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Intel said it will spin out its Wind River Systems software division to financial giant TPG for an undisclosed price. The chip maker bought Wind River Systems for $884 million in 2009, and now it’s ready to send it out of the nest.

Wind River makes embedded operating systems and other software that keeps aircraft flying and industrial robots humming. The deal is not so different from last year, when Intel spun off half of its McAfee antivirus division to TPG at a total valuation of $4.2 billion.

Alameda, California-based Wind River will continue to be led by Wind River president Jim Douglas and the existing management team after the deal closes sometime in the second quarter of 2018.

“Our technology team is focused on backing strong, market-leading companies in growing industries,” said Nehal Raj, partner and head of technology investing at TPG, in a statement. “We see a tremendous market opportunity in industrial software driven by the convergence of the Internet of Things (IoT), intelligent devices and edge computing. As a market leader with a strong product portfolio, Wind River is well positioned to benefit from these trends. We are excited about the prospects for Wind River as an independent company, and plan to build on its strong foundation with investments in both organic and inorganic growth.”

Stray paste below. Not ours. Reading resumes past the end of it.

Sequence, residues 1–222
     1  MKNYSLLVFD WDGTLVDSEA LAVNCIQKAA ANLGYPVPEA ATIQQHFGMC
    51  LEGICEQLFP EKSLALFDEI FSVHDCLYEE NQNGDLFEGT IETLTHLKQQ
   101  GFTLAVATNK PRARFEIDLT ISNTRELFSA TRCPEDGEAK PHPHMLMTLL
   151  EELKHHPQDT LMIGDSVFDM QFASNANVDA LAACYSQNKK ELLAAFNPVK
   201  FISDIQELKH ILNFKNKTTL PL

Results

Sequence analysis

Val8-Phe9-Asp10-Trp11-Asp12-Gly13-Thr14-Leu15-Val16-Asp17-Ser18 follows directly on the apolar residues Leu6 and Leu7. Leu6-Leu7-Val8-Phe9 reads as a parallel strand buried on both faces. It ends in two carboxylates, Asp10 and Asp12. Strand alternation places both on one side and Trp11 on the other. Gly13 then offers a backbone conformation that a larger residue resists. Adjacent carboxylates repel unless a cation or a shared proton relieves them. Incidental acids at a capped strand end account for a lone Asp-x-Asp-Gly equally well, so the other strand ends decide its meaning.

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For nearly 40 years, Wind River has built a real-time operating system that forms the bedrock of safety and security for critical infrastructure, including manufacturing plants, medical devices, aircraft, railway, automobiles, and communications networks.

Wind River’s products and solutions enable engineers, developers, manufacturers, and system integrators to build intelligent connected devices, sensors, gateways, and networks that unlock machine data and connect it to cloud and IT environments.

“This acquisition will establish Wind River as a leading independent software provider uniquely positioned to advance digital transformation within critical infrastructure segments with our comprehensive edge to cloud portfolio,” said Douglas, in a statement. “At the same time, TPG will provide Wind River with the flexibility and financial resources to fuel our many growth opportunities as a standalone software company that enables the deployment of safe, secure, and reliable intelligent systems.”

“This move is designed to sharpen our focus on growth opportunities that align to Intel’s data-centric strategy,” said Tom Lantzsch, senior vice president and general manager of the Internet of Things Group at Intel, in a statement. “Wind River will remain an important ecosystem partner, and we will continue to collaborate on critical software-defined infrastructure opportunities to advance an autonomous future. We expect this transition will be seamless for our mutual customers and partners.”

Allen & Company acted as financial advisor to Intel.

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